AMIDST all the stockpiling, fighting over supplies, rushing to the hills to “escape” the virus, to me three points have become obvious.

In the UK there are a large number of very selfish people who care for themselves rather than the community at large. Secondly this rabble is outnumbered fortunately by citizens showing kindness to neighbours, friends, those losing their jobs (and in some cases salaries) and those who continue to work both in voluntary and “key” positions.

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However, the third point which has become obvious – the majority of occupations in this country are filled by “key” workers. With resilience exercises having taken place over decades, one would have thought that the UK Government would have a list of “key” workers for different scenarios. Alternatively, most workers are “key” to a greater or lesser extent.

Under the present crisis we can identify doctors, nurses and front-line medics as obviously “key”. Carers and the armed forces also jump to mind. However, the efforts of these groups and other identified “key” workers would be futile without others who may not be granted such a soubriquet but whose role is equally vital.

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The transport personnel come to mind as do the retail workers who currently are working themselves into the ground – appreciated by many but disgracefully abused by others. There are other groups whose contribution to society deserves praise and recognition – the farmers and their workers who are making attempts to make food accessible via their farm shops. Our garbage collectors deserve our acknowledgement.

Many of these positions are filled by low-paid personnel and a considerable number of these people are migrants. We rely, nay depend, on them. Yet in the not-too-distant future, having helped us in our hour of need, they will be cast aside or not replaced under this UK’s contemptible new immigration laws because they are regarded as “not skilled” or their posts pay too low wages. “Thanks for your help during our crisis but we’ll get by now” will be the post-pandemic mantra, I am almost certain.

Certainly the emphasis of certain occupations as being “key” will vary according to the specific scenario. However, it should be remembered that although many posts are humble and low-paid they are integral part of our surviving bad times. All groups should be admired for the effort they are making for the nation’s good. Above all none deserve abuse while going about their duties.

I for one am grateful to every worker, no matter what their occupation or pay grade, who is striving to keep Scotland fed and cared for. I know I am not alone in this sentiment.

Colin Mowat
via email

IN a time of crisis, surely partial truth in the hope if increasing hits or sales should be classed as profiteering and hence illegal? It is certainly immoral.

The facts off Covid-19 have not changed since we first began to learn about it. It can be deadly to the elderly and those with pre-existing relevant health problems.

When you read a Sky headline – as I did a while ago – about the tragedy of a young father dying of coronavirus then find that you have to delve into the depths of the article before it becomes apparent that he was already terminally ill, you feel slightly ill yourself. And not from Covid-19.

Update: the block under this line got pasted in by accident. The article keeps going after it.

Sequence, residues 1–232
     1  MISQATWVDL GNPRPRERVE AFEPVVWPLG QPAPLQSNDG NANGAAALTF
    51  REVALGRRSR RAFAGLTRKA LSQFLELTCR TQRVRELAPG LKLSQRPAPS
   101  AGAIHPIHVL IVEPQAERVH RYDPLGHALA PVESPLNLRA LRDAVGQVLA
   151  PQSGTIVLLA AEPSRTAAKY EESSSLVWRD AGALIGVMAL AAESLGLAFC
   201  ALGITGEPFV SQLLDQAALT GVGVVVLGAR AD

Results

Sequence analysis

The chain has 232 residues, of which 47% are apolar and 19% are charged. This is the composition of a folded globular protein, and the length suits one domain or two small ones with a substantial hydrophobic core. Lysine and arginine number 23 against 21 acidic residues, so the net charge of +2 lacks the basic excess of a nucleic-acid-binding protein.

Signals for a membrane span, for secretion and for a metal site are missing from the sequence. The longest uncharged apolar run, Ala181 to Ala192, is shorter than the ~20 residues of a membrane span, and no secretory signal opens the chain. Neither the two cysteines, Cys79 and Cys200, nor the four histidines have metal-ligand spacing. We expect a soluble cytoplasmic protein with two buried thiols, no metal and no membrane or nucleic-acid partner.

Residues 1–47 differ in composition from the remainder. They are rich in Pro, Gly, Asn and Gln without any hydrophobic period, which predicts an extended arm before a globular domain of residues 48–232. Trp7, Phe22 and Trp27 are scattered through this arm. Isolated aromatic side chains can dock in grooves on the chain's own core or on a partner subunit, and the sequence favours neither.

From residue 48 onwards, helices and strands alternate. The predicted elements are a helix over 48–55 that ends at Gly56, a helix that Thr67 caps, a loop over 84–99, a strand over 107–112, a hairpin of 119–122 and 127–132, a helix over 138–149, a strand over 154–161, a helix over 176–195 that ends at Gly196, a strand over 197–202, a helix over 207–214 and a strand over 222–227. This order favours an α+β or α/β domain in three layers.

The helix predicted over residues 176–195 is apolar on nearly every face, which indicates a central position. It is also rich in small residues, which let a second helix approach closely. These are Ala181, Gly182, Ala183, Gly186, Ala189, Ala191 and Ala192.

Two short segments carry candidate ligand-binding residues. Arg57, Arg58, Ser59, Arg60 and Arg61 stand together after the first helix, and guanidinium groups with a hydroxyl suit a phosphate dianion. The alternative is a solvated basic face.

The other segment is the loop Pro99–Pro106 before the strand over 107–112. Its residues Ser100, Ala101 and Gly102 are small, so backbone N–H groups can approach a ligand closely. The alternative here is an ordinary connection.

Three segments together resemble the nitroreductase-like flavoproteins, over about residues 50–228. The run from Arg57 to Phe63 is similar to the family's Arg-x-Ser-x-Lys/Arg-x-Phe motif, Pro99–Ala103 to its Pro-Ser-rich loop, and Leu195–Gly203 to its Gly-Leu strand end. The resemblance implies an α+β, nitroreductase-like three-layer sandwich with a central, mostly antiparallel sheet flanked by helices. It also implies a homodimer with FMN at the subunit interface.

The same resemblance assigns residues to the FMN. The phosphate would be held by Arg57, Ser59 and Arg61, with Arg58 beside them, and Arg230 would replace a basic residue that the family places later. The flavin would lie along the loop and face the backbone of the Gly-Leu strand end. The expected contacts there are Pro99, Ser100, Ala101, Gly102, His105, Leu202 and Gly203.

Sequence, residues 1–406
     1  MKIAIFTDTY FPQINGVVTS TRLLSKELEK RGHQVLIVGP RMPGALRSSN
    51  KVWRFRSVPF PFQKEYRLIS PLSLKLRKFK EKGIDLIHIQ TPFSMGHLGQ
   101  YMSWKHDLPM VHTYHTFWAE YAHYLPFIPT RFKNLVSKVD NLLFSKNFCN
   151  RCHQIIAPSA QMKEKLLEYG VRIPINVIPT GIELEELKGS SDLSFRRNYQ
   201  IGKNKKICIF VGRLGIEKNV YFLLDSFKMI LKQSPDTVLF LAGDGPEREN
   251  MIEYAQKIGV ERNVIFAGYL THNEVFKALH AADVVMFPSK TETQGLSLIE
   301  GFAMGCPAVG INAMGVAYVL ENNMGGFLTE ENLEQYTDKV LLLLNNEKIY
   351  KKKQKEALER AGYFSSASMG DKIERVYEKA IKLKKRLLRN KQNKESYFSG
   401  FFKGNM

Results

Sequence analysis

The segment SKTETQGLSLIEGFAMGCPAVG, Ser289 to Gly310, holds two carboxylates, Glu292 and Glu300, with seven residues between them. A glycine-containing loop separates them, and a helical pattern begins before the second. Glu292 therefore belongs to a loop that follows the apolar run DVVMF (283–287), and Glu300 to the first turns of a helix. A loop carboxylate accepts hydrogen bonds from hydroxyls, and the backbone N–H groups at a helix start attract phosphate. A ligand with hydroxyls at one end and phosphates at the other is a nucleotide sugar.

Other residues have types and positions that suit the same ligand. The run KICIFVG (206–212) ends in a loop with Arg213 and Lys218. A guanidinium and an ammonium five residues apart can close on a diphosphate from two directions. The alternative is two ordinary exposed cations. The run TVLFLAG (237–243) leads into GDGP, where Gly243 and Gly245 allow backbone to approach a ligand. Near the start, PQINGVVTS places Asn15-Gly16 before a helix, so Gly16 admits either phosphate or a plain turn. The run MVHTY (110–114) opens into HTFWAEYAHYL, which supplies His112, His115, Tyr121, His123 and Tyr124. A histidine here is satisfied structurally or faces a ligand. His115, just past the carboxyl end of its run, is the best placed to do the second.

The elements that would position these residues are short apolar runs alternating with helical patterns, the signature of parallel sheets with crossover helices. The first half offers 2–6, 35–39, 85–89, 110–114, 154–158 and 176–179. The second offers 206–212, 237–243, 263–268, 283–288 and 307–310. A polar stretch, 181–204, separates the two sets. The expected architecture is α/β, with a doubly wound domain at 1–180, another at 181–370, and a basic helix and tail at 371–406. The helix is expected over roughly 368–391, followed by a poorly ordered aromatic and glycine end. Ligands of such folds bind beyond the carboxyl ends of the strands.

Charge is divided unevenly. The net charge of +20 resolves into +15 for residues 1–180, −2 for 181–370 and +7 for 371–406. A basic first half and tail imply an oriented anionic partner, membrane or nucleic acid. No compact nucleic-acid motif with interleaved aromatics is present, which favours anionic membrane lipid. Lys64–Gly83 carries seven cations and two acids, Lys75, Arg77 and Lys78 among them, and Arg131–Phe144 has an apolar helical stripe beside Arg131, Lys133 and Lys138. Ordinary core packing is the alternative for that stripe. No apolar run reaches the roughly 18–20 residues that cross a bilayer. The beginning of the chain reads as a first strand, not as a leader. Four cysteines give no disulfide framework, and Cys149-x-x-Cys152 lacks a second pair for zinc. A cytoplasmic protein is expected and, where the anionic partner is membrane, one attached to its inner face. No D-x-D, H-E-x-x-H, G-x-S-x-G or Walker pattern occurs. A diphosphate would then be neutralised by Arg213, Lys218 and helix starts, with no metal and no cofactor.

Rather than fuelling pointless fear and panic, horrific statistics from Italy seem to back up what we already know. Italy appears to have suffered disproportionately because of an elderly population. And, it seems, even within that demographic it is those with underlying conditions who have died disproportionately. Plus, their health service was overwhelmed.

Here in the UK where, after a decade of austerity, the NHS could be overwhelmed with an epidemic of chilblains, we need to get with the programme, and that begins with giving people sensible, clear information, supporting frontline workers, providing financial aid not just for businesses but those at the bottom of the pile, and taking those to task who callously profit from the pandemic in ANY WAY.

Amanda Baker

I FEEL that the Scottish Government should not be afraid to take unilateral emergency powers on an ad hoc basis. This could allow them to close all camping/caravan sites and to temporarily ban wild camping in Scotland. Those not complying within two days can have any vehicle used confiscated. If the selfish have no regard for others then perhaps they will have more regard for their £40000+ leisure homes.

M Ross

FURTHER to dissociate myself from the letter in Friday’s National mistakenly attributed to me, I recognise and applaud the stance and measures taken by FM Nicola Sturgeon and her Health Secretary Jeane Freeman.

In what has regularly been described as an unprecedented situation and a life-threatening one at that, both women have kept their composure and managed a really challenging rapidly developing scenario with explicit responsiveness. Little other can be asked of politicians. Far from emailing Ms Sturgeon and Ms Freeman and criticising their efforts as the wrongly attributed letter tells, had I sent them emails my message would have been instead one of encouragement in their applaudable efforts.

Ian Johnstone

I PROFOUNDLY disagree with Peter Thomson (Letters, March 21). I think Branson’s businesses should be given help from the taxpayer for the sake of all the unfortunate workforce. However, this should be done only after the businesses have been bought by the state for the princely sum of £1.

Jim Paterson